The Art of the Steal

Grand Staircase Escalante National Monument
Credit: Bob Wick/BLM

It was clearly a sham when President Trump issued an executive order in April requiring Department of Interior Secretary Ryan Zinke to “review” every large national monument designated over the last 20 years – 27 in all. Now, with looming executive actions to gut protections for several of these most treasured wild lands and seascapes, we must reject the blatantly false narrative that President Trump is choosing a measured path forward.

There was little hope that the national monuments review would take facts, science, or the voices of the American people into account, including more than 2.7 million individuals who weighed in directly with the administration in support of maintaining protections for national monuments. In signing the order, Trump openly stated his desire to open protected areas to “tremendously positive things.” Just a few weeks later, Zinke said the Antiquities Act has “become a tool of political advocacy rather than public interest.”

This was never a fact-finding mission: the review was simply an excuse to strip protections from some of our most special wild places so that the oil and gas companies and other extractive industries could profit.

The Trump administration is selling this farce to the public using a classic negotiating tactic: threaten the worst and spin the ultimate outcome, however outrageous, as a reasonable result.

At the close of the review, Secretary Zinke announced that he would not recommend the complete revocation of any national monument– one of the worst case scenarios. But published reports indicated that the Secretary recommended substantial reductions in three national monuments: Bears Ears and Grand Staircase Escalante in Utah, and Cascade-Siskiyou in Oregon. With rescission off the table, many press reports bought the administration’s narrative that it was being measured—even magnanimous—in its treatment of our public lands.  

Don’t believe the hype.

Any attempt to strip national monuments of protections or change their boundaries or uses by the president is a radical action that has no support in law and runs counter to the story of American conservation. Never in our history has a President attempted at this scale the widespread, systematic reduction of protections for our public lands and waters.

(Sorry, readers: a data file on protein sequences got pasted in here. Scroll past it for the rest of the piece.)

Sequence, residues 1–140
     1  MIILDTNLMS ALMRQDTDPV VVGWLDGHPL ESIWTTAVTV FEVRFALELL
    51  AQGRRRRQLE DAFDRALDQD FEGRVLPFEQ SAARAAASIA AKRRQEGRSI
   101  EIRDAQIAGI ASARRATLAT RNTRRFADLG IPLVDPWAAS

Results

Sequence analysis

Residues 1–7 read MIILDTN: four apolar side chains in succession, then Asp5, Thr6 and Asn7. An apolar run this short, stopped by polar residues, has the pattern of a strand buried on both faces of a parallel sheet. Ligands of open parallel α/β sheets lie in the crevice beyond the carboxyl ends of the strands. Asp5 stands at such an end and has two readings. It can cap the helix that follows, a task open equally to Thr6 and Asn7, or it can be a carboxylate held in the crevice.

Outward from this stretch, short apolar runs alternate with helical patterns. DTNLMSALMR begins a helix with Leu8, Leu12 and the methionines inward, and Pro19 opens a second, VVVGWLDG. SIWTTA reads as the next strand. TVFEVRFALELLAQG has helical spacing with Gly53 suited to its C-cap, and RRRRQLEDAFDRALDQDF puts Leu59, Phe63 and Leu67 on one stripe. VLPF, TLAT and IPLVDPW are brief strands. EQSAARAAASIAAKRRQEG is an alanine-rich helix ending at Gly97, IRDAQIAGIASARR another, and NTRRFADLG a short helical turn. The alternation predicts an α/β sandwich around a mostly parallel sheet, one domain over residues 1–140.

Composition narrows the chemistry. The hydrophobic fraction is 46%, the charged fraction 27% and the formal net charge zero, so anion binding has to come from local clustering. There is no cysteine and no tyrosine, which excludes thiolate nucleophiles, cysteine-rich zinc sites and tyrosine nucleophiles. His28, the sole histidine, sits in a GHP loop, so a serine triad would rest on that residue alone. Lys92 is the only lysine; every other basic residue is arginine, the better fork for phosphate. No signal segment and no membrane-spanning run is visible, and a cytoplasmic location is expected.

Moreover, it’s important to remember that the phony review was intended to undermine one of our most important and popular conservation tools – the Antiquities Act – as part of a long, but ultimately fruitless attempt to hand over our public lands and waters to private industry. Shifting boundaries and allowing mining or drilling in previously protected areas would fundamentally undo the essential function of a national monument. None of these iconic landscapes and cultural sites would be safe from future Presidents bent on taking a step backwards in history.

Finally, any attempt by the President to fundamentally diminish the character of a monument is illegal. Only Congress has the authority to make the kind of changes Zinke has recommended. Millions of Americans have weighed in opposing such changes. And more continue to do so.

President Trump and Secretary Zinke are attempting one of the largest thefts of public lands in American history, while selling the American people a false narrative that they’re acting reasonably. If the Trump administration had any other plan for our public lands and waters, other than handing them over to extractive industries for profits, it would have listened to the millions of Americans who urged them to leave our parks alone. But Trump and Zinke’s thinly veiled “Art of the Steal” ignores those voices and the law.

We know the deal, and we’re not buying it.